Sufi Mohammed, the pro-Taliban cleric who negotiated a failed Swat valley peace deal in February, is facing charges of aiding terrorism and sedition.
The charges were lodged against Mohammed, who was arrested by Pakistani police last week after being warned against holding meetings in the Northwest Frontier Province, in a police station in the valley, said Sajid Mohmand, the Swat police chief, on Sunday.
Mohammed is expected to be formally charged by a court with the offences in the coming days, he said.
During the peace talks that he helped facilitate, the government agreed to allow Sharia, or Islamic law, in Swat in exchange for an end to fighting.
The deal, which did not materialise, was reached amid opposition from the US which is battling the Taliban in neighbouring Afghanistan.
The charges in the complaint against Muhammed, who is the father-in-law of Maulana Fazllulah, the leader of the Taliban in Swat, stem from comments he made during an April speech in which he condemned democracy and elections and said Pakistan's constitution was un-Islamic.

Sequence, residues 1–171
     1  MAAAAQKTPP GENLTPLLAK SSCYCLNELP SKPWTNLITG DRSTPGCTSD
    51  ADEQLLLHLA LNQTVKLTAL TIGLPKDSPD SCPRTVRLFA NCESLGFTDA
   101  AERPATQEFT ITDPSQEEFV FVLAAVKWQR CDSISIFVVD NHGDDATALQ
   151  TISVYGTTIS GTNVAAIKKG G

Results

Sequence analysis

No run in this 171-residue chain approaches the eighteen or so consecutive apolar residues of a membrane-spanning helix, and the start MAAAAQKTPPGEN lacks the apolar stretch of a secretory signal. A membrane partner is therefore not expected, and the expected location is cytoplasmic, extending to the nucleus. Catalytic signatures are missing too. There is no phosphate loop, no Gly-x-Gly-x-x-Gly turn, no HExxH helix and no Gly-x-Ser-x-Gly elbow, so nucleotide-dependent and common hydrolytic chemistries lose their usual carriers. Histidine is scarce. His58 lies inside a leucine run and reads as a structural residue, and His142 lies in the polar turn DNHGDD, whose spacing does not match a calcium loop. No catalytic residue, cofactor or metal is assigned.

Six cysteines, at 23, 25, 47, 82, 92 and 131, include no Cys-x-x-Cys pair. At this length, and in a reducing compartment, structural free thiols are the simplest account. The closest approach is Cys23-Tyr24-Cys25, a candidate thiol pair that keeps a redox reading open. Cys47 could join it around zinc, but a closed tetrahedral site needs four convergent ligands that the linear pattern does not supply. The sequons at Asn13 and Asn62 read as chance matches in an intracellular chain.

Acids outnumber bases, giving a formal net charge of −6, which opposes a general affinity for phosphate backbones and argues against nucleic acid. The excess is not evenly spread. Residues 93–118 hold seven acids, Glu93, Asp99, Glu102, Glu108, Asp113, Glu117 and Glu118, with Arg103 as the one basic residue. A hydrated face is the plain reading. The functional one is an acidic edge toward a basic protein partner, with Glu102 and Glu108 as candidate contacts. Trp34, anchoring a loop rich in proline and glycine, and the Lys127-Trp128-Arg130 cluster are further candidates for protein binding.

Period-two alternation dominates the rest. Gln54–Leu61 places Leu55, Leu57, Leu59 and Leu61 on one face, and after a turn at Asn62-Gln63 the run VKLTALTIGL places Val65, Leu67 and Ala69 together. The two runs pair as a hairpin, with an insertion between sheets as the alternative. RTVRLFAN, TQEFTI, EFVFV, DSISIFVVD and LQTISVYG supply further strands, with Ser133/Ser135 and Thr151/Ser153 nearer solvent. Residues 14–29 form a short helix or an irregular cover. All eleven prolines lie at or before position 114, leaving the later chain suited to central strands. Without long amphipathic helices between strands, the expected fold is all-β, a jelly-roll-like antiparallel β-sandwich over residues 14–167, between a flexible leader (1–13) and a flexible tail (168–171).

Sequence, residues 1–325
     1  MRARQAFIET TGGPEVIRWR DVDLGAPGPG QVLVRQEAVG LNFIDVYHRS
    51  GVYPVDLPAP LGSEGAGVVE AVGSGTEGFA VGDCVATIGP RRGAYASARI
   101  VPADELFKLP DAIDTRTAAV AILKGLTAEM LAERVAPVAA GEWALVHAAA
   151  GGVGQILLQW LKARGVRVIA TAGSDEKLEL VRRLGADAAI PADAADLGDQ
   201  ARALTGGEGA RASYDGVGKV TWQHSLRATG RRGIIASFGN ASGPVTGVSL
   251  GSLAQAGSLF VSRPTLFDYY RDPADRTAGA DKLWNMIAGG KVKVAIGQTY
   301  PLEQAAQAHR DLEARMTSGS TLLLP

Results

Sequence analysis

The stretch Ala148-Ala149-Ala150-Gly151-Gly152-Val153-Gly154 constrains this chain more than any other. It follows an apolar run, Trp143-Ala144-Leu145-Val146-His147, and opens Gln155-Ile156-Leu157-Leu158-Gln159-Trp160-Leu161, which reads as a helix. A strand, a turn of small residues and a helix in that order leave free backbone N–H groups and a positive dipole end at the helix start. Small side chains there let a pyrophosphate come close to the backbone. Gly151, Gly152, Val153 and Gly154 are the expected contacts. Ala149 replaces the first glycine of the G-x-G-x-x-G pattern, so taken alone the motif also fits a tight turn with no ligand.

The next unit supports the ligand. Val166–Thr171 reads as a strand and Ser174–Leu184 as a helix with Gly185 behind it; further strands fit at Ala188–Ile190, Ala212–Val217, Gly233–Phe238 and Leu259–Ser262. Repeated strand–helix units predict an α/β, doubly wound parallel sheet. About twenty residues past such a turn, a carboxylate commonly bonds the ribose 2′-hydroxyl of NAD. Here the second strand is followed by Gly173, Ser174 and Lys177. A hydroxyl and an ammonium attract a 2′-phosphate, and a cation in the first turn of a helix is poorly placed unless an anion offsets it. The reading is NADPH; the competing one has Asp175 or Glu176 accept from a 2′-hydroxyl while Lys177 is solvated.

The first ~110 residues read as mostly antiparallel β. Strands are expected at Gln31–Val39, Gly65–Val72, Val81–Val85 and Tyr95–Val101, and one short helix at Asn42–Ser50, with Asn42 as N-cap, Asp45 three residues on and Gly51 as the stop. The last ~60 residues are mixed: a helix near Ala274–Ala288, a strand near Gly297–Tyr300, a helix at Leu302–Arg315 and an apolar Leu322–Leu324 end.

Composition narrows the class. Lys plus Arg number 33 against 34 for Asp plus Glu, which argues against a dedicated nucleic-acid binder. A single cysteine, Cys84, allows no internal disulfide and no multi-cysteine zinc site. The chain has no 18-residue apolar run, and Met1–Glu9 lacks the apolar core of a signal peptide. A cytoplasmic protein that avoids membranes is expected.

The speech was considered to be an important factor in shifting public opinion against the Taliban.
Mohammed leads a group known as the Tehrik Nifaz-e-Shariat Mohammedi, or the Movement for the Enforcement of Islamic Law.
Pakistan's government relied heavily on Muhammad's contacts with the Taliban in the Swat area to try to achieve a peace agreement earlier this year.
He was jailed in 2002 but was freed last year after he renounced violence.
The Pakistani military launched a major offensive aimed at pushing pro-Taliban fighters out of the Swat after the peace deal with the government collapsed in April.
The fighting left more than 1,800 Taliban fighters dead, according to the military.
But analysts said that many of the fighters simply melted away into other areas in the face of the military onslaught.
Frequent skirmishes continue though Yusuf Reza Gilani, Pakistan's prime minister, last month declared that the Taliban fighters had been "eliminated" in the region.